Babs Tarr has done some incredible work in this series and her art here is as wonderful as ever. Every panel is expertly put together and Tarr has such a great way with faces that every moment of pain, anxiety, anger, and joy is brilliantly realised. This is mirrored to great effect in the slowly deteriorating portrait of the algorithm – as it loses its grasp on its identity as the one ‘true’ Batgirl it begins to fragment, distort, and decay, and Tarr renders that process will ghoulish brilliance. In fact the art here all reads amazingly well and just looks so effortless, but the complexity of the panels and the real depth of detail go to show that a lot of great work has gone into this book. The panel of everyone cutting loose and partying after the day is won is a superb piece of artwork that captures the reader experience perfectly – I was celebrating with them. Tarr’s art is supported throughout by some astounding colouring work by Maris Wicks – there are sunsets, and shadowy rooms, and half remembered experiences, and outdoor parties, and all of it is captured in nuanced and sophisticated palettes. Even subtle moments like the activation of the drones and the imbuing of the algorithm with Babs’ darkest self are enhanced by brilliant colouring. It is also worth calling out the layouts by Cameron Stewart as these are really great as well – we’ve seen some excellent pages in this arc (Babs’ memories of the party and chasing the perp in the first issue still stand out as memorable favourites) and there are some more terrific layouts here too, just take another look at that Riot Black take down! The art, layouts, colouring, and lettering are all at their best in this issue with some dizzyingly incredible pages on display. A particular joy was the expansive double page that shows the HOOQ party and calls out the algorithm’s targets in some scene-setting-stakes-raising-tension-escalating-brilliance; and it is full of amazing details too (Tarr is such a generous artist in this regard, always giving readers rewards for paying close attention, like the Sailor Moon inspired incidental character designs). There is simply spectacular work from the artistic team throughout this issue.

This has been a book to watch and a pleasure to read since its relaunch last year, and the conclusion to the first arc does not disappoint at all – the plot is well-considered and offers up a rich tapestry of themes and emotions, the character dynamics are complex and rewarding, the action is fast paced and brilliantly constructed, and the art is just perfect. If you aren’t reading this book then you’re genuinely missing out on the start of a new era of comic books.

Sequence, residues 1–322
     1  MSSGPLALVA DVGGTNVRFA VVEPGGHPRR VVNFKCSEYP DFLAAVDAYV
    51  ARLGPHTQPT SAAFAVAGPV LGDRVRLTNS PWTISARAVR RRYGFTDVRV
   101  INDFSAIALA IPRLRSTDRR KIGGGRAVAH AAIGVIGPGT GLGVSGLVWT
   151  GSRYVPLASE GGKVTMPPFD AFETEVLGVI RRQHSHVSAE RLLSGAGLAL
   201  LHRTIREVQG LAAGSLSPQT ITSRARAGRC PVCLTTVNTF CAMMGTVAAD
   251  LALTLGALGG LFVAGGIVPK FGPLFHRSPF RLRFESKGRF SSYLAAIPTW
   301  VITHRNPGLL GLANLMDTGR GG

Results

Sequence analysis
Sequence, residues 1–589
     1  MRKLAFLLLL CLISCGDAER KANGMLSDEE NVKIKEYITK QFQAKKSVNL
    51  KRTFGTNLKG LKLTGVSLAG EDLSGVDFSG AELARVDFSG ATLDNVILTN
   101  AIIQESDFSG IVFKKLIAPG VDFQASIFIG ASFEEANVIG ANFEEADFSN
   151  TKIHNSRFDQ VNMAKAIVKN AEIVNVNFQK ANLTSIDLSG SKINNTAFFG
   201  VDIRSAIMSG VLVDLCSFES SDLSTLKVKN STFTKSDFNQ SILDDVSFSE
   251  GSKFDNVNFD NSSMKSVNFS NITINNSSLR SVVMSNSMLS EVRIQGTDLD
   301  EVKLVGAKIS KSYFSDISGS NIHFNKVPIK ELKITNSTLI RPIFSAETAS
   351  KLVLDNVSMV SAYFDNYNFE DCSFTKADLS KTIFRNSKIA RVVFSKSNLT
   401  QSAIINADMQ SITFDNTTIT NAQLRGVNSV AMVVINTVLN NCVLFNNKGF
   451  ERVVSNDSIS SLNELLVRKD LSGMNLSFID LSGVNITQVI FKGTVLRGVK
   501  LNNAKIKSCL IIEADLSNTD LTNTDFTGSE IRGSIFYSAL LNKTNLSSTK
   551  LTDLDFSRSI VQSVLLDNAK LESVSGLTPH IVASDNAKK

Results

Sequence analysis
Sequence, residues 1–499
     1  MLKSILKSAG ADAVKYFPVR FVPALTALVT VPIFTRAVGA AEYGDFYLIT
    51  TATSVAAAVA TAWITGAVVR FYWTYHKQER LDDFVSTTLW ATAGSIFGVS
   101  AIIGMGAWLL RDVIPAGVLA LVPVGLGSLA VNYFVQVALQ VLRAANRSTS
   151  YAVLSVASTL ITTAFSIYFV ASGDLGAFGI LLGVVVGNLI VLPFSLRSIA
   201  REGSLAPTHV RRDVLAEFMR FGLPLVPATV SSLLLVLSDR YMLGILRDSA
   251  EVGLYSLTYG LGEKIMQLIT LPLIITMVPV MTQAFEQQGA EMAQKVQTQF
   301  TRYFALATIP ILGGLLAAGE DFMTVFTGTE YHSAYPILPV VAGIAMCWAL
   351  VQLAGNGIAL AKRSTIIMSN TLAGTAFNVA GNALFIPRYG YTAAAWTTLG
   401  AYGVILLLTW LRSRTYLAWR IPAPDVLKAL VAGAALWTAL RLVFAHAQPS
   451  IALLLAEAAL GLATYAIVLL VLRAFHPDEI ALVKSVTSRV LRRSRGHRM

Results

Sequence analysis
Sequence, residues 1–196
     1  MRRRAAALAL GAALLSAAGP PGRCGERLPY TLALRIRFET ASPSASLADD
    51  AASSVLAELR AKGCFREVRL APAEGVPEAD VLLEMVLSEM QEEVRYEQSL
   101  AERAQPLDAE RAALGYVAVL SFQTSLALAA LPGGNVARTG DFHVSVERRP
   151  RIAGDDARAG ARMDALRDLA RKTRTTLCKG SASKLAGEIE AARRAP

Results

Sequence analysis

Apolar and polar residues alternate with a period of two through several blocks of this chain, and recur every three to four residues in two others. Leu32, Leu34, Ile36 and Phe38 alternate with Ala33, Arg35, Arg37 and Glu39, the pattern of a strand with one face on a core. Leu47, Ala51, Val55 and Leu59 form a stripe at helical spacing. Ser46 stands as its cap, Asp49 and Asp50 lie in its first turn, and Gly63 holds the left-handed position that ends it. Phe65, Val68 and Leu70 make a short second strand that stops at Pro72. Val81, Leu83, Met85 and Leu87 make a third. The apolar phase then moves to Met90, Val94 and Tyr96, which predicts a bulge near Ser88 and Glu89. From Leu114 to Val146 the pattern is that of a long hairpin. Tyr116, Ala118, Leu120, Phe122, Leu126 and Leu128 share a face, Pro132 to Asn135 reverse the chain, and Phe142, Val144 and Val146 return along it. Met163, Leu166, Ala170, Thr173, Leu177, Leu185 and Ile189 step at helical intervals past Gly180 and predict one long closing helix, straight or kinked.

Look at this fantastic colouring!
Look at this fantastic colouring!

Batgirl #40 // Writers – Cameron Stewart & Brendan Fletcher / Artist – Babs Tarr / Colours – Maris Wicks // DC

Notes and Observations:

  • Neat thematic Ghost in the Shell reference on the first page, both in issue name (Ghost in the Cowl) and the text layout.
  • A few of the lighter relationships (and playful red-herrrings in the central mystery) received only fleeting references this issue which is an unfortunate necessity given the restrictions on pages and pacing; as such we only get brief check-ins with Nadimah, Alysia, and Jeremy, and Qadir is similarly only briefly on-page (I hope he’s not done being Batgirl’s Q!).
  • Liam the cop does get a nice mirroring of his first on stage appearance at the Dagger Type take down – back then he commended civilian Babs on her good work and here he finally puts a little trust in Batgirl.
  • I love the involuntary reactions that are peppered throughout this book – really small word balloons like “OMG” and love hearts. I don’t know if that is the work of Tarr or the letterer Jared K. Fletcher, but its great.
  • So the debugged and rebooted algorithm with Frankie at the keyboard is going to be the new Oracle, right?

All art belongs to the copyright holder 

3 thoughts on “Comics // Review // Batgirl #40

    1. The creative team have done brilliant work since the reboot (and in the Secret Origins / Endgame one shots); this book has gone from a random first issue gamble for me to the top of my pull list! A really wonderful comic.

      Liked by 1 person